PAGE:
And that is not all! In a third window there is an entire sea of cookies, elaborately baked pastries, and other dainties. The butter called “Extra” flaunts itself there, along with candies, sugar, and honey! And, in the very middle of the display, as if it had assumed the position of the master, stands a sack of brilliantly white flour with the coveted red label “000”.

“All this looks wonderful!” you say. “But why are all these people just staring and swallowing their saliva instead of going inside to buy something?”

“It's really quite simple. This is the Torhsin, and the food may be bought only with foreign currency or gold.”

At that moment, a horrifying, strangled groan forces us to glance down, beneath the window.

It is the groan of a peasant, a man in the prime of life, twisting himself over on his back. His eyes are closed, his lips are parched and cracked, his work-worn hands are calloused and swollen with a serous liquid, and his feet and legs, worn-out, rough, and chapped, are bloated like logs . . . Sighing heavily the peasant exhales hoarsely, straightens out, stretches his body out tautly, grows rigid and then . . . becomes oblivious to everything around him.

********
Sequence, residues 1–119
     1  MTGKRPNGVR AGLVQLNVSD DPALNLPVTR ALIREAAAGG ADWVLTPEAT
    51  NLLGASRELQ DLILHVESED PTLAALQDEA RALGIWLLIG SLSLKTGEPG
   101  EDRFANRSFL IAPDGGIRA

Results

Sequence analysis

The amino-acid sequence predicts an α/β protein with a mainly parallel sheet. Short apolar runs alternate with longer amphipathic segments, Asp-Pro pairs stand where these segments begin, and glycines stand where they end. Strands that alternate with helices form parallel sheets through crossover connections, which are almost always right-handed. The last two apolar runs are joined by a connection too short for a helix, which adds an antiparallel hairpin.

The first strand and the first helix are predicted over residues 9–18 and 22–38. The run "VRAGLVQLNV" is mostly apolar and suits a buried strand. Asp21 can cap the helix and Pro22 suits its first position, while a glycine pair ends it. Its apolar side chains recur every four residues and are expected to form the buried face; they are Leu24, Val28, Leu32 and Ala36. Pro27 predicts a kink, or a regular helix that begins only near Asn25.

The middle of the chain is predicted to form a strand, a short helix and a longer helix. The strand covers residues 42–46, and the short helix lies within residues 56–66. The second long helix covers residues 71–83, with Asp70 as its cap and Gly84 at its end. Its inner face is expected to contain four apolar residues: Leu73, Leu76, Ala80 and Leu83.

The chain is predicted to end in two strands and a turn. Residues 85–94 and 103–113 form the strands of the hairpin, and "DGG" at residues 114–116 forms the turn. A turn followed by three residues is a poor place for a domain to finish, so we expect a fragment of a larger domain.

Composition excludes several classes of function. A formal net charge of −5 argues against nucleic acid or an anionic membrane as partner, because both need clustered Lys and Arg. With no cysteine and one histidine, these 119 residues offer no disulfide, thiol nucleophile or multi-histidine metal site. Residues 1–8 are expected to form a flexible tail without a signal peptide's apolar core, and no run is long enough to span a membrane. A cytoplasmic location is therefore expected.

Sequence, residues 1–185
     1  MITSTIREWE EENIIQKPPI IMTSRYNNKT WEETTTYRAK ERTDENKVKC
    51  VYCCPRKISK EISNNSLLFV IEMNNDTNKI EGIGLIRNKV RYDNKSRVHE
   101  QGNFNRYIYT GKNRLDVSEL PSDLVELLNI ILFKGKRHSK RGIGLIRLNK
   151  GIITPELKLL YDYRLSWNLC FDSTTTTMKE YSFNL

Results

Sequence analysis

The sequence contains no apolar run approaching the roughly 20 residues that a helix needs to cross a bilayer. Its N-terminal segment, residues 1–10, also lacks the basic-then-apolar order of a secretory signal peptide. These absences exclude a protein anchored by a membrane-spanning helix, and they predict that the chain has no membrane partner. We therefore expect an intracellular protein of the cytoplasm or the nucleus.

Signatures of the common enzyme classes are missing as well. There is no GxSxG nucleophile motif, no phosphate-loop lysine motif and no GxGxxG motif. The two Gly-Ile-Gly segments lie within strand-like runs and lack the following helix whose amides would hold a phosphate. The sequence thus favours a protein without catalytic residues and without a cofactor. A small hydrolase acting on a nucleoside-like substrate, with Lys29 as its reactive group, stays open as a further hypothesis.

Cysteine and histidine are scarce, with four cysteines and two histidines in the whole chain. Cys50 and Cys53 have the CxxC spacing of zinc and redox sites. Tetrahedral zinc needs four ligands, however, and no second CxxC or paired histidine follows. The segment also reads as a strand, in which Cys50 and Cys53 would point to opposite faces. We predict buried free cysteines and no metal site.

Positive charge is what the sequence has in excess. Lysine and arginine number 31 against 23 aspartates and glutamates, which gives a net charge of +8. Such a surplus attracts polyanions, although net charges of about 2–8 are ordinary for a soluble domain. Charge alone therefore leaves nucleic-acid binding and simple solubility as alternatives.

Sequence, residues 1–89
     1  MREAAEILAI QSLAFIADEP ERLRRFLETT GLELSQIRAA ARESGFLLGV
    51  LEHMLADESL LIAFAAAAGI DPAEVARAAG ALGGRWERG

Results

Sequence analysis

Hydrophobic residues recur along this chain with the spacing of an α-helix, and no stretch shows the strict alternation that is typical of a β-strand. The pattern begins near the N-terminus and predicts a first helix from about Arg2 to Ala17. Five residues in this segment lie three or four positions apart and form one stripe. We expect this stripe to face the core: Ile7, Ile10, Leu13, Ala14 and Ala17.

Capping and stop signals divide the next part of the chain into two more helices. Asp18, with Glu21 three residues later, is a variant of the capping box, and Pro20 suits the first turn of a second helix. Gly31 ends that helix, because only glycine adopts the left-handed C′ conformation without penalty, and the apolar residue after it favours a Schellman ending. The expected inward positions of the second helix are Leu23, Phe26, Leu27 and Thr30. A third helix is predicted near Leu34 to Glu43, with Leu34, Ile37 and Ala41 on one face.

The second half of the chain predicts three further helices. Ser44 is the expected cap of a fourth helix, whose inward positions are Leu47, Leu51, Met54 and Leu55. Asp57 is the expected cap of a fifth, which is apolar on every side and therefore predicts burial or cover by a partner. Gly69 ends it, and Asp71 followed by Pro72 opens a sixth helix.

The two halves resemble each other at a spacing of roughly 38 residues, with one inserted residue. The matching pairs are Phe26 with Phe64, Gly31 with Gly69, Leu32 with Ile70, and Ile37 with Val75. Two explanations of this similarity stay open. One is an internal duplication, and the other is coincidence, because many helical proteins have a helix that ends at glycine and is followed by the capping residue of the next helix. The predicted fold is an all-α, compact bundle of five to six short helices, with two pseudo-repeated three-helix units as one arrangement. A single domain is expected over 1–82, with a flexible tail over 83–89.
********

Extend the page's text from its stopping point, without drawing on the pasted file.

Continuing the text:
And just like that, ever so simply, without any dramatic effects, this son of our fertile soil dies of hunger under this elegant window of the Torhsin, under the hospitable wing of the VUTsVyK.

You shift your glance from the calloused hands of this still warm body to the white flour with the coveted red label “000,” and . . . you become thoughtful.

I leave you to your thoughts.

The peasants, disfigured by hunger, sit and lie - ghastly and motionless - beneath the showcase windows of the Torhsin, forming a unique wholeness with the products of their labour that fill those windows, products that are displayed strictly for show, and sold only for foreign currency or gold . . .

And now, look over there, at that peasant family that is settling down under the window showcasing the fish. There is the still youthful father in his homespun trousers, the mother with the face of a martyred saint, and their two small whimpering children, their voices broken, thin, and ragged. Oh, it is clear to see that they have walked for a long time, and begged for a long time, imploring the crowds in the city to give them succour! Their bags are empty, their strength is drained …

Now the father lies down with his legs tucked tightly under him - the space under the display windows is cramped! - and places his unkempt, tousled head on the mother's knees, and she, clutching both infants to her breast, freezes into a state of complete immobility.